Cotton ceiling

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When I proposed the notion of the cotton ceiling a few years back, the violent backlash against me was profound. Not just death threats, but, even more awful were the accusations of rape, of being “a rapist”. As a survivor of sexual assault this cut deeper than anything. The cotton ceiling was meant as a means to question why certain bodiestrans or fat or disabled or racialized bodies for starters – are sometimes seen as undesirable, unfuckable, unlovable. It was not a violent term, but as is almost always the case, cis activists violently attacked the struggle for trans equality through making our bodies and identities intrinsically violent.

—Drew DeVeaux[1]

Queer porn star Drew DeVeaux coined "cotton ceiling".[2]

Cotton ceiling is the tendency of trans women to be excluded from the higher echelons of (cis-dominated) women's and queer spaces — specifically within the porn industry, but also society in general.[3] It is a manifestation of transmisogyny at the intersection of cissexism, misogyny, and the glass ceiling.

It was coined by Canadian trans woman and activist Drew DeVeaux.[3] The "cotton" refers to underwear, implying that the contents of a trans woman's underwear (i.e., whether she has a penis) are of importance. The contents of her underwear act as an axis to oppress and marginalise her. The "ceiling" refers to the glass ceiling, a related phrase that denotes women's position within kyriarchy regardless of the gender they were assigned at birth. Both ceilings contribute to society-level inequalities such as the gender pay gap.

Complementing definitions

A trans-exclusionary radical feminist website quotes a "[redacted trans]" woman giving her definition:

The cotton ceiling is a theory proposed by trans porn star and activist Drew DeVeaux to explain the experiences queer trans women have with simultaneous social inclusion and sexual exclusion within the broader queer women’s communities. Basically, it means that cis queer women will be friends with us and talk day and night about trans rights and ending transmisogyny, but will still not consider us viable sexual partners.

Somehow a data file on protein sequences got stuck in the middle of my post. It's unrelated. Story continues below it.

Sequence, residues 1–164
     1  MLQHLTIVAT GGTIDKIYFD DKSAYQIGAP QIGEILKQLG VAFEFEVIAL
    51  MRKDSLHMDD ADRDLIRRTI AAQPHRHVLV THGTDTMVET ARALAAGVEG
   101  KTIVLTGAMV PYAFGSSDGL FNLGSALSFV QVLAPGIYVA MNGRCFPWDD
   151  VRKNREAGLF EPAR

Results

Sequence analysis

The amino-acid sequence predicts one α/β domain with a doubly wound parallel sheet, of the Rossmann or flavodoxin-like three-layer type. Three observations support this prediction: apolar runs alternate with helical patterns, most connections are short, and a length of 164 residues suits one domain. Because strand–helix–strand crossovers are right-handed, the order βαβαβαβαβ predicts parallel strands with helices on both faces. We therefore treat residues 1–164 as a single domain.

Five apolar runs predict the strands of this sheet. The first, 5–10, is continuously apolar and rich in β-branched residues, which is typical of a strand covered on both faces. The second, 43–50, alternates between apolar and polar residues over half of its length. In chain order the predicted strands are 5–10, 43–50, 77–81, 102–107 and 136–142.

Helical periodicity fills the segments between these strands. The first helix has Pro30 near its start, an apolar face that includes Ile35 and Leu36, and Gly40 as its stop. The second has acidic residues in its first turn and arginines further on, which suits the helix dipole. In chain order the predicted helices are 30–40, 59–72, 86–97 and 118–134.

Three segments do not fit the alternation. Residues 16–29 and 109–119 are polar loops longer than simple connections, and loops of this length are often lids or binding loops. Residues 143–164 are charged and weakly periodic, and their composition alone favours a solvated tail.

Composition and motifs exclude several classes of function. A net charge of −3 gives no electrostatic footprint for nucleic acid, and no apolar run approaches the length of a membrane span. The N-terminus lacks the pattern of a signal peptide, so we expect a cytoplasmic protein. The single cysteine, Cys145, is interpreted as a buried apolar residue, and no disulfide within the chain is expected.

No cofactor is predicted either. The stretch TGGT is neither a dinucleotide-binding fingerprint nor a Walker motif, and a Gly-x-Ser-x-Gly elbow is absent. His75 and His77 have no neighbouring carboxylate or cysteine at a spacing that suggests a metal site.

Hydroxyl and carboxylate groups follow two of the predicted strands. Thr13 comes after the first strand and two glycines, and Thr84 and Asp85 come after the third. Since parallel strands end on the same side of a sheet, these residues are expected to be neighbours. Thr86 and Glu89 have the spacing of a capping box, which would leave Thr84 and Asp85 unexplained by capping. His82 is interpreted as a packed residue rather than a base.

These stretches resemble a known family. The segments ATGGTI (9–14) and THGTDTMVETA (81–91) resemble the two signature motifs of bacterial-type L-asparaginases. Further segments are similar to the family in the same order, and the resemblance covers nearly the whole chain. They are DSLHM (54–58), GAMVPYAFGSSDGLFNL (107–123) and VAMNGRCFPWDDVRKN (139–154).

The term cotton ceiling is a reference to the “glass ceiling” that second wave feminist identified in the workforce, wherein women could only advance so high in the workforce but could not break through into positions of power and authority. The cotton represents underwear, signifying sex.[4]

Avory Faucette explains its value in trans feminism praxis further:

[T]he cotton ceiling [is] us[ed] to challenge cis lesbians’ tendency to support trans causes generally but draw the line at sleeping with trans women or including trans lesbians in their sexual communities.[5]

Trans-exclusionary radical feminism

See the main article on this topic: Trans-exclusionary radical feminism

Unfortunately, trans exclusionary radical feminists (TERFs) have attempted to use "cotton ceiling" to smear trans women.[6][7] Apart from abuse, and typical TERF tactics, they have also managed to almost completely take over the Google search results for the query, filling it with misinformation and extreme transmisogyny.[8]

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